Señor Córdoba's advice for the student is to learn first musical values and to practice the measure of time with the foot. This will help him to advance rapidly in understanding afterwards the complicated rhythms of Flamenco.
To conquer the difficulties that are encountered in the domination of the guitar much dedication and determination are needed so that nothing will inter­fere with the time reserved to practice. If the aficionado has the intention of becoming a professional his determination and sacrifice must be correspondingly severe and pointed to reach his goal.
If you are single you might be forewarned that many an artist's career has been cut short by marriage and if you are married many an artist's marriage has been cut short by divorce. The reasons are many and assorted but in the case of a guitarist, or prospective guitarist, the rivalry between the guitar and woman dates probably from the Garden of Eden, both demand your time, atten­tion and devotion at the expense of the other, and if you doubt that the Spanish guitar is human and female, just start neglecting her. You will feel the curse of her neglect and she will drop you when you least expect it.
With Señor Córdoba's books, the student will acquire an understanding of what is Flamenco music and its meaning. Nevertheless, the guidance of a compe­tent teacher is necessary to conquer the difficulties that keep him from ultimate success.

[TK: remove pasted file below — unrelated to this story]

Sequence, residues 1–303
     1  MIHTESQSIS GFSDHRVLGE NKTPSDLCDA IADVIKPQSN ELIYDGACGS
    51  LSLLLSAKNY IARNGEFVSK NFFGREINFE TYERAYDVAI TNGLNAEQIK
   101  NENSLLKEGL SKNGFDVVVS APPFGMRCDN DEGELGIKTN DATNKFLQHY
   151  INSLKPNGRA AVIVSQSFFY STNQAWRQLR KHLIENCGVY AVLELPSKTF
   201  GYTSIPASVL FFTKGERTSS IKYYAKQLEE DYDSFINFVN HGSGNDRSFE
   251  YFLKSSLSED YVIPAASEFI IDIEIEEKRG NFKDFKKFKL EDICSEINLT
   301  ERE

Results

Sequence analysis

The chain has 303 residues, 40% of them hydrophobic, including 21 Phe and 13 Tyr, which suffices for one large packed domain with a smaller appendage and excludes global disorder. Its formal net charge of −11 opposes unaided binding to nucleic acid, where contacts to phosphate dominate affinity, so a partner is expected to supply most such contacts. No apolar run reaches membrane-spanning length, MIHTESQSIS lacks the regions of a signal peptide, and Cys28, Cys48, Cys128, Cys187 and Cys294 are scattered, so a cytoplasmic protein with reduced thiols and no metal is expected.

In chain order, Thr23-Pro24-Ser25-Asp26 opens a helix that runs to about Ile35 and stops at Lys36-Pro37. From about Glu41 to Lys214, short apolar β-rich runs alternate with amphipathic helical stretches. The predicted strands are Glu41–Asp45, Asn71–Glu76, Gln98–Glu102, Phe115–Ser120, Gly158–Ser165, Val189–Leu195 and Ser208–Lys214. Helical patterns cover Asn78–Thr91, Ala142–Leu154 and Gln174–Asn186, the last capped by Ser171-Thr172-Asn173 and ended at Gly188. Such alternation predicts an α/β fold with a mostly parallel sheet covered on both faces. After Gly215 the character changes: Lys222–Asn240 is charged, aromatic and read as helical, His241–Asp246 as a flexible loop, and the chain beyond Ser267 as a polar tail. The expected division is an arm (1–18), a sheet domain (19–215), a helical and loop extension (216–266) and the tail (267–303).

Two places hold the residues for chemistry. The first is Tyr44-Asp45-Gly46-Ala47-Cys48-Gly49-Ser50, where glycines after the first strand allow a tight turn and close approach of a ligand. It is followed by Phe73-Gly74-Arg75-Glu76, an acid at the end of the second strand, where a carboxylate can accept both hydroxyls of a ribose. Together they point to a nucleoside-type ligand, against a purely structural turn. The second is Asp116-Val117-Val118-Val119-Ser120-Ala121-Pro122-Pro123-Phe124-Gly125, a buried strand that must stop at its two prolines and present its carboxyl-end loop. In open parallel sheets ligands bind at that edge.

The impatient students who venture alone to play the difficult compositions without priorly submitting to a laborious and disciplined study, acquire defects in the positions of the hand and fingers and in the attack of the strings which are next to impossible to get rid of.
In studying any type of music or any exercise, one must practice it slowly at first making sure that the position of both hands is correct and that the fingers attack the strings properly. It is very important to read the instruc­tions in the books not only once but many times to recall details of the instructions that are easily forgotten or overlooked at the first glance. To dominate the difficulties of learning the guitar the student must, I repeat, must have will power and dedication for hard and disciplined study.